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Re: Fwd: Call for input to President's Commission on Enhancing Cybersecurity



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Maybe I will finally qualify for the title Statist Pig with this post.
 One can only hope.

Contrary to the original query's request that replies not consist of
"don't do dumb things," I have composed a very elaborate text that
actually says, "don't do dumb things."

:o)

On 07/19/2016 10:13 PM, Steve Kinney wrote:
> On 07/16/2016 06:22 PM, Joy wrote:
>> - - - Begin forwarded message - - -
> 
>> Date: July 15, 2016 at 3:21:32 PM EDT From: Herb Lin 
>> <herblin@stanford.edu> To: "'David Farber (dave@farber.net)'" 
>> <dave@farber.net>, ip <ip@listbox.com> Subject: Call for input
>> to President's Commission on Enhancing Cybersecurity - bridging
>> the trust gap between the IT community and the US government
> 
>> You may know that President Obama has established a commission
>> to consider how to strengthen cybersecurity in both the public
>> and private sectors while protecting privacy, ensuring public
>> safety and economic and national security, fostering discovery
>> and development of new technical solutions, and bolstering
>> partnerships between Federal, State, and local government and the
>> private sector in the development, promotion, and use of
>> cybersecurity technologies, policies, and best practices.
> 
> The mission defined above is much more ambitious than it may
> initially appear, because direct conflicts of interest are hard
> wired into it. The "cybersecurity" buzzword embraces a spectrum of
> practical security context from protecting consumer financial
> credentials through shielding "secret" government databases from
> unauthorized access, to preventing malicious alteration of the
> firmware that runs our civil and industrial infrastructure.
> Privacy is not encompassed by the term "cybersecurity" as it is
> intended and understood by those who use presently use it in a
> national policy context - but this can and should change.
> 
> Network security addresses practical concerns of privacy, utility, 
> reliability and cost effectiveness as well as countermeasures to 
> stereotypical hacker threats.  The express inclusion of privacy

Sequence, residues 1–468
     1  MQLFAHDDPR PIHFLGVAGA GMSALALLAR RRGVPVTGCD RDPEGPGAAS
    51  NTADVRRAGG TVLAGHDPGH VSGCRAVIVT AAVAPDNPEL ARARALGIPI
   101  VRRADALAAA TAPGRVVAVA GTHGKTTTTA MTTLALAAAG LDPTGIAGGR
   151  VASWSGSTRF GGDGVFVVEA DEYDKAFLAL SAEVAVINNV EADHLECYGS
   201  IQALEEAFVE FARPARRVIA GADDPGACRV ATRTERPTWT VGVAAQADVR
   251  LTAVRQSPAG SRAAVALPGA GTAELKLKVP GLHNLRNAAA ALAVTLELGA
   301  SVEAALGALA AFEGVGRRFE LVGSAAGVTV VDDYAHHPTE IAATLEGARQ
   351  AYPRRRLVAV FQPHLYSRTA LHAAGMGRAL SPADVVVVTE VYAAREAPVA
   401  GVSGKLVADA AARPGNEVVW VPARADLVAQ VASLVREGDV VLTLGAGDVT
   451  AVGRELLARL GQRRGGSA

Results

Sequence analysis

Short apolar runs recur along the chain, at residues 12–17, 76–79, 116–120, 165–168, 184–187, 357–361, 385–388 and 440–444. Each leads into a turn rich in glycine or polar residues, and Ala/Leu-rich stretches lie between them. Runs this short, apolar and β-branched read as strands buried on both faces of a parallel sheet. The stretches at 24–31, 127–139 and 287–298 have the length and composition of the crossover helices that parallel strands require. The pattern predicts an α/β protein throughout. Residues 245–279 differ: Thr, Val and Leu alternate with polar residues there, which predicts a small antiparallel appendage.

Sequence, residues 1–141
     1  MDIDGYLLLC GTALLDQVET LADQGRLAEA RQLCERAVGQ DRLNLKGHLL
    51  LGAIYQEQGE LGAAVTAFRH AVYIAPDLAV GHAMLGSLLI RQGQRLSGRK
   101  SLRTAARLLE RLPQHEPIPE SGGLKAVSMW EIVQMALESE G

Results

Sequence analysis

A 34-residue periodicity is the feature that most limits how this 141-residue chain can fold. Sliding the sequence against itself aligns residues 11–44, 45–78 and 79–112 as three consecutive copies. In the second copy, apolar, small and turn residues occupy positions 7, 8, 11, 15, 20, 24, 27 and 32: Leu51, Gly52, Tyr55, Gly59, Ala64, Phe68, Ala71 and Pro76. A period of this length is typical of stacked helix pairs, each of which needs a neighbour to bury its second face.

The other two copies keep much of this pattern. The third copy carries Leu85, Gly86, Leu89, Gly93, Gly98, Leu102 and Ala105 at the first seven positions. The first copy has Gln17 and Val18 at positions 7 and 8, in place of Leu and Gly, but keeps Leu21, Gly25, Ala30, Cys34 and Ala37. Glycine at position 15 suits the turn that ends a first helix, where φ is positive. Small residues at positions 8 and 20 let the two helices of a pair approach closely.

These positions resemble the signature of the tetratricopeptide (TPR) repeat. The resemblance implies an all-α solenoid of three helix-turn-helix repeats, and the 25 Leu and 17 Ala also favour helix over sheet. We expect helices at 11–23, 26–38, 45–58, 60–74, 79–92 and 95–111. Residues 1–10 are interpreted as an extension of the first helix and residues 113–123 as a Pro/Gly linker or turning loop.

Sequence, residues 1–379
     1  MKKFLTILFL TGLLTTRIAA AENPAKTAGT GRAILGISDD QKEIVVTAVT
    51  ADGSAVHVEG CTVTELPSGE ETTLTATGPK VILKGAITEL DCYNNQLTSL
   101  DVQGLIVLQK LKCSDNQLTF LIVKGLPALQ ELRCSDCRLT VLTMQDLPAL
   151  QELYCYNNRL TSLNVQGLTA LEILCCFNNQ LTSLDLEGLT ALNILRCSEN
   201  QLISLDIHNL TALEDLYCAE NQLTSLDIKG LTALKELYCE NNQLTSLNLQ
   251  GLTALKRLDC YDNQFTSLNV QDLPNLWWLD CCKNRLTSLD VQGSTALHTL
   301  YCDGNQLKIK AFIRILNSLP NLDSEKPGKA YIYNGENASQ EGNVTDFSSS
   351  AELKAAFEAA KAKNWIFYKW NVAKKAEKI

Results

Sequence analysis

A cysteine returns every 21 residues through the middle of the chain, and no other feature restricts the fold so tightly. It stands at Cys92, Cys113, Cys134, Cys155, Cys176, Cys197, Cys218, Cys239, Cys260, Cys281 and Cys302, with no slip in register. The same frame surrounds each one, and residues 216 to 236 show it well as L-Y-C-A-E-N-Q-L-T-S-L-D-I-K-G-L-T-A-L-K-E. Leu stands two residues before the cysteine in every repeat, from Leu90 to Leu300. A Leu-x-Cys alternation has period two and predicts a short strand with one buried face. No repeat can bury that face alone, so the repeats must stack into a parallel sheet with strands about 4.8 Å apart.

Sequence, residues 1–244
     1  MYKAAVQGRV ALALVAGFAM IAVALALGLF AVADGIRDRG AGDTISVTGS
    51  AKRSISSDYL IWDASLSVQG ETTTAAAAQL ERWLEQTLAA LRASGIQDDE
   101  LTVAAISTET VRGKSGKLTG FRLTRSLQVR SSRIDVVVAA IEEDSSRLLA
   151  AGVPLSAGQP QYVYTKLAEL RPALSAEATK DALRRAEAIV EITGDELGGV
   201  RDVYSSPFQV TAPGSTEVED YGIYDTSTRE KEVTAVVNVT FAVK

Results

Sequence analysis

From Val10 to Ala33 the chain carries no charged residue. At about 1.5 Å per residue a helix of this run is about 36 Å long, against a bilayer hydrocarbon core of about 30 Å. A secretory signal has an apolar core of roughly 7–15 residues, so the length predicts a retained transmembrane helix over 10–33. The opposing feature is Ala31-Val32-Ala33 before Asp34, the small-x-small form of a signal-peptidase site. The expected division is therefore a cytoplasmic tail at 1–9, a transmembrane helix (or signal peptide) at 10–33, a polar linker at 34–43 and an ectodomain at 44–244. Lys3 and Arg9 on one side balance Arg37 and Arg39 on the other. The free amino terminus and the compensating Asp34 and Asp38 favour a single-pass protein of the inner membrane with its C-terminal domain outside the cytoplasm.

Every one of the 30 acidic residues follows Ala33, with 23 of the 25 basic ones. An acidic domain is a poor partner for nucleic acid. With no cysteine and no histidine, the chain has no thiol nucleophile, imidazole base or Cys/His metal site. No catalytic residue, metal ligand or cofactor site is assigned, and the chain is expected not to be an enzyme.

> protection in its brief directs the Commission to deliver 
> recommendations directly counter to the interests of private 
> enterprises and government departments which presently collect, 
> analyze, and transfer or act on "private" information about 
> individuals and groups.  If economic security is taken to include 
> protecting the revenue streams of dominant U.S. IT vendors and
> their associated armies of specialized workers in the field,
> either "cybersecurity" or economic security must be sacrificed.  If
> national security is taken to include protecting intelligence
> service access to surveillance and sabotage targets via widely
> distributed security defects in IT products and services, either
> "cybersecurity" or national security must be sacrificed.
> 
> A security model can not be "just a little bit pregnant."  Every 
> variance or exception that permits violations of any system's 
> specified security protocol creates new vulnerabilities that 
> compromise the security of that system, usually in subtle as well
> as obvious ways. Security threats are both external and internal to
> the enterprise, and include hackers who want to break in for fun
> and/or profit, but also:  Enterprise IT consumers who who make
> non-negotiable demands for features and functions that create
> security vulnerabilities; senior executives whose golfing buddies
> know more about network security than the enterprise's entire IT
> staff; IT vendors who are free to hide deficiencies and
> misrepresent their wares under immunity from prosecution or civil
> liability; academics and consultants whose personal fortunes rise